Well, since today was a slow news day, I thought I’d follow up on the post that made me one of the world’s leading experts on Fuzz Balls, at least according to Google. Of course, I seem to be slipping in the search results.
Oh, wait. Something did happen today, didn’t it?
It should not surprise anyone that I fully support equal rights for the LGBT community, including the right to marry the person of one’s choice. The one explicit line that I would draw would be that religious organizations not be compelled by the government to accept behavior that they believe is wrong.
So what did happen today? Well, it would seem that President Obama’s evolution on the question of marriage equality is complete and that he was planning to make a statement in support of it sometime this summer before the convention. DC does get a bit boring in August, after all, Of course, that was before Vice President Biden went on a Sunday talk show and voiced his support for marriage equality. Naturally, ears began perking up all over Washington. Was this a patented Biden gaffe, or was it a trial balloon? (It turns out it was the former, as far as I can tell.) Then, Education Secretary Duncan voiced his support, and Obama’s progressive base, the base that engages in a vigorous debate (often so vigorous as to result in a circular firing squad) as to whether Obama has done enough for LGBT rights, smelled blood in the water. Obama, wisely, decided to accelerate his announcement, resulting in today’s interview with ABC’s Robin Roberts.
So what does it mean? Well, on one hand, not a whole lot. Obama voiced a personal opinion with no direct policy implications attached to it. It’s an opinion that pretty much everyone thinks he has had for a long time, and that he was withholding it for fear of the political consequences. Personally, I was in the school of thought that he was going to make such a statement after he won reelection. That would be the safe approach, keeping a divisive(?) social issue out of the fall campaign against a Republican in Romney whose appeal to the GOP’s social conservative base is tepid at best.
Well, Obama did not take the safe approach. Interestingly, he made this announcement the day after North Carolina, a state that he carried in 2008 and that will host the 2012 Democratic National Convention, voted to ammend their constitution to make a monogamous, heterosexual marriage the only form of civil union recognized by the state. I’m honestly not certain what that timing means. Was it a coincidence after the Biden statement? Was it to console depressed LGBT supporters? I don’t know.
So, the question remains, what does this mean for November? Well, this is perhaps one of the riskier political moves I’ve seen Obama make. Politically speaking, it demonstrates a boldness on par with tough foreign policy calls like the Bin Laden raid and the rescue of the container ship captain off Somalia. Like those events, Obama’s statement today could lead to triumph or disaster.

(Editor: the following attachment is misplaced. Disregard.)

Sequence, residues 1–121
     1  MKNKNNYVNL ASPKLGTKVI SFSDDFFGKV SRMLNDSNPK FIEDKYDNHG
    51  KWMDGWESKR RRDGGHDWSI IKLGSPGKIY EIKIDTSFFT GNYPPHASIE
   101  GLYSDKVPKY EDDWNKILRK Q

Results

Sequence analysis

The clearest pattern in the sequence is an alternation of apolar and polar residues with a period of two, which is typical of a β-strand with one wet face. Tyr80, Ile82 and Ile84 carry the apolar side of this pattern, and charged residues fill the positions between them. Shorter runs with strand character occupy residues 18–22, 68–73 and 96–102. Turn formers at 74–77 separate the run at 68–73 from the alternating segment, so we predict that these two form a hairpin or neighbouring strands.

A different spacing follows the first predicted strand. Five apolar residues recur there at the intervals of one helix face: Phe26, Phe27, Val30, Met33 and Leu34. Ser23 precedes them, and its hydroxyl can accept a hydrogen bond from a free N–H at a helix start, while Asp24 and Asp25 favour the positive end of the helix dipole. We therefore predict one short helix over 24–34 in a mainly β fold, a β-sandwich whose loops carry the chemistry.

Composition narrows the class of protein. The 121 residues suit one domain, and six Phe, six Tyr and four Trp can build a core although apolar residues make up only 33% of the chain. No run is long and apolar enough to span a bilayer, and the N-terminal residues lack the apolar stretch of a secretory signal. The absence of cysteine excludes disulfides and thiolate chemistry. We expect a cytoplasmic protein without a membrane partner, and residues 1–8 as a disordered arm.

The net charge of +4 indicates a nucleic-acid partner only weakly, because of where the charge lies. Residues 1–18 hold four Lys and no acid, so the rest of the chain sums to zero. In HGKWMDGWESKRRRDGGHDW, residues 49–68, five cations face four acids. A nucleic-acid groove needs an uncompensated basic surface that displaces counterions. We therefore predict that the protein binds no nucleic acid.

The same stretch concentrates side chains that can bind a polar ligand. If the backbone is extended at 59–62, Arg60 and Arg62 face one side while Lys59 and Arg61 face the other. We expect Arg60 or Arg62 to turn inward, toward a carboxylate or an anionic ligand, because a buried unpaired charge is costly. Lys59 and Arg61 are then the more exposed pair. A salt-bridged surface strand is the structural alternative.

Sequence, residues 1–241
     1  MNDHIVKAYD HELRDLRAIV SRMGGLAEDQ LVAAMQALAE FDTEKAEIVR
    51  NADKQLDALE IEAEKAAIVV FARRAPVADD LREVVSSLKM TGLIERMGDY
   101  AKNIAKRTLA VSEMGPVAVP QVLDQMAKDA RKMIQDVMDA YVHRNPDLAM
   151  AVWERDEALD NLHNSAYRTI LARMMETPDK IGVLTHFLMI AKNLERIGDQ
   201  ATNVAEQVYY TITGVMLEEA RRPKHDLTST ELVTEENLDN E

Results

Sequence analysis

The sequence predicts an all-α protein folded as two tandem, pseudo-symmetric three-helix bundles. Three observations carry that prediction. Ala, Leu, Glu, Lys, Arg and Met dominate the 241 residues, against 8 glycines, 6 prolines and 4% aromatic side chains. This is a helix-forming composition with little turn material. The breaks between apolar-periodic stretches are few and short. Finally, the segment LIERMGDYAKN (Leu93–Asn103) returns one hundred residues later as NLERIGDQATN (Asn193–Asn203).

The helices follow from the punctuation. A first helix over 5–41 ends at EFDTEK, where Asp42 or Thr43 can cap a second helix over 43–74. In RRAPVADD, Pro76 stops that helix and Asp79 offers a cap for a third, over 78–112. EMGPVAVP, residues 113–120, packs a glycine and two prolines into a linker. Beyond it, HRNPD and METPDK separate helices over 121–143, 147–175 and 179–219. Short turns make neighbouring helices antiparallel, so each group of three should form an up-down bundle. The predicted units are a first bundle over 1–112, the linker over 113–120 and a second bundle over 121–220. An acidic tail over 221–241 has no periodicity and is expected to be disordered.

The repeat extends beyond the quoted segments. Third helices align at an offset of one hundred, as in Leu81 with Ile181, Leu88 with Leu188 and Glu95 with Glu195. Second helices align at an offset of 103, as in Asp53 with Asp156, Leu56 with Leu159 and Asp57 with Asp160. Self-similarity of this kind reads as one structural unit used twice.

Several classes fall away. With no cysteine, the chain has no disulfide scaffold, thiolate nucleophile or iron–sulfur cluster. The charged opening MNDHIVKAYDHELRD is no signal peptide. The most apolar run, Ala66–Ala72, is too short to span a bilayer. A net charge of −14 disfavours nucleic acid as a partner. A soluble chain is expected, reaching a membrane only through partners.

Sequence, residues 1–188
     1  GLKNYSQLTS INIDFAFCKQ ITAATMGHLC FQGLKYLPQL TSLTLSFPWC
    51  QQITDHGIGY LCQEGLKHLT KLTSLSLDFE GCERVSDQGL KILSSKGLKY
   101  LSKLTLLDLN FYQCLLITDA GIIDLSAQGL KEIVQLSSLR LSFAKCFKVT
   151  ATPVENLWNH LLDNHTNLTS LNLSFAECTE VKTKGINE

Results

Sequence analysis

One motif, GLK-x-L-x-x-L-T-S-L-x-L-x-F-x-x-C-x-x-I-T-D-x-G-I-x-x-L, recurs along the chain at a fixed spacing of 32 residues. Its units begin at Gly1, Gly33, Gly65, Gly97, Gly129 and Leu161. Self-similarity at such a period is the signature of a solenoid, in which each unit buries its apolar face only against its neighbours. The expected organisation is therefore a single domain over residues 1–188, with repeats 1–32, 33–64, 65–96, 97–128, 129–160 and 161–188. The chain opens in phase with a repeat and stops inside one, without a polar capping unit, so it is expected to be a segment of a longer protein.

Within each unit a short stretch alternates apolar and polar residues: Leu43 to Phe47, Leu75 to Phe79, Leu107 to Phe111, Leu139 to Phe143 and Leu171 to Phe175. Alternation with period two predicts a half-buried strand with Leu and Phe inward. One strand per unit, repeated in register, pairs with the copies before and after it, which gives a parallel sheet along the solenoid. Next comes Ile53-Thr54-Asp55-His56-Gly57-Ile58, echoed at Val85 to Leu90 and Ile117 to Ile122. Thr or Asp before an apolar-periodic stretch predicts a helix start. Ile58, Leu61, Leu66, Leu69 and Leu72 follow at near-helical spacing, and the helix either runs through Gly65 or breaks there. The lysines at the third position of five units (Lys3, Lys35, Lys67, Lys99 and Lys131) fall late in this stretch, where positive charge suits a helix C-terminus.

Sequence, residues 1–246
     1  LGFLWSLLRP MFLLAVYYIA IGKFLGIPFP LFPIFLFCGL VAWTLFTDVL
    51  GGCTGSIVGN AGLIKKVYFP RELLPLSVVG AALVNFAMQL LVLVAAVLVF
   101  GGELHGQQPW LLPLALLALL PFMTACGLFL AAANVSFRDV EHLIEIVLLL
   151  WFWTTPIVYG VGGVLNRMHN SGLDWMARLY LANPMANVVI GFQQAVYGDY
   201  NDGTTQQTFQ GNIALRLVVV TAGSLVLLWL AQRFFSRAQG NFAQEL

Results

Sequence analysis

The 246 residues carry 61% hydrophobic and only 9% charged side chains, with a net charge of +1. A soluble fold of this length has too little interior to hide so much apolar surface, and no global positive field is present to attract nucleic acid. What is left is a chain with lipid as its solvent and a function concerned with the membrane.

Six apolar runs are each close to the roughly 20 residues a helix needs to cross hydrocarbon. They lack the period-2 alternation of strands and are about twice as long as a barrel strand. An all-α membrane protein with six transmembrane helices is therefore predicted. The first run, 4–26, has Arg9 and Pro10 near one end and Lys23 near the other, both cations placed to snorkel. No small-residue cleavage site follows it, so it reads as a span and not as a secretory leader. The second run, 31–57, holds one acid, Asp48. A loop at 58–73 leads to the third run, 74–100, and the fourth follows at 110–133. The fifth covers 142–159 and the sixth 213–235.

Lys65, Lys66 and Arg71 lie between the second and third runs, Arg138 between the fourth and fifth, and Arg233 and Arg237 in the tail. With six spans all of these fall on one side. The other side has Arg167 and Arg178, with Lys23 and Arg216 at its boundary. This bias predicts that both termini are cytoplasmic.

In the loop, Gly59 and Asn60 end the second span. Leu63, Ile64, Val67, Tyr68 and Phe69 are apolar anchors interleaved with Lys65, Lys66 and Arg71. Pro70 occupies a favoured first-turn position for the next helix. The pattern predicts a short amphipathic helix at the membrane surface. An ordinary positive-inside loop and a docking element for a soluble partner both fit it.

There is no doubt that the liberal base is fired up by today’s events, and that’s a very good thing. Between [unfounded] disappointment over the moderation Obama has displayed and an inability to take the GOP field seriously, the base has displayed a lackluster level of enthusiasm that would could be hard pressed under a barrage of super PAC ads and vote suppression laws. This announcement should take that problem off the table.
The problem is that Obama’s base is not the only one that is energized. If evangelicals were planning to sit this election out because the GOP standard bearer is a moderate Mormon, they’re going to be fired up now. It’s actually possible that this will interfere with Romney’s attempt to tack back to the center after the primaries. Will it make the GOP convention a hate-fest reminiscent of 1992? How will it affect the vice-presidential selection? I think Rubio’s stock just went up a bit with the GOP hoping he can use marriage equality to siphon votes from the Latino community.
I have no doubt that Obama has enraged the religious right. He must know this, so his calculation must be that the new found enthusiasm on the left will be a sufficient counter or that the right will be so enraged that they will damage themselves in the eyes of moderates. If he’s right, this will go down as a brilliant move. If he’s wrong, than it will go down as a horrible blunder with consequences all up and down ballots nation-wide. Just as an example, Washington tends to be reliably liberal, but we’ve got a referendum on marriage equality and a competitive gubernatorial race.
I can’t deny that this was a bold move, nor would I want to. I’m glad he did it, even if it is only symbolic at the moment. The fact is that words matter. Symbols matter. And to a marginalized, vilified minority, well, I couldn’t begin to imagine how it must feel for them to have the President of the United States stand up and declare his support on this critical issue.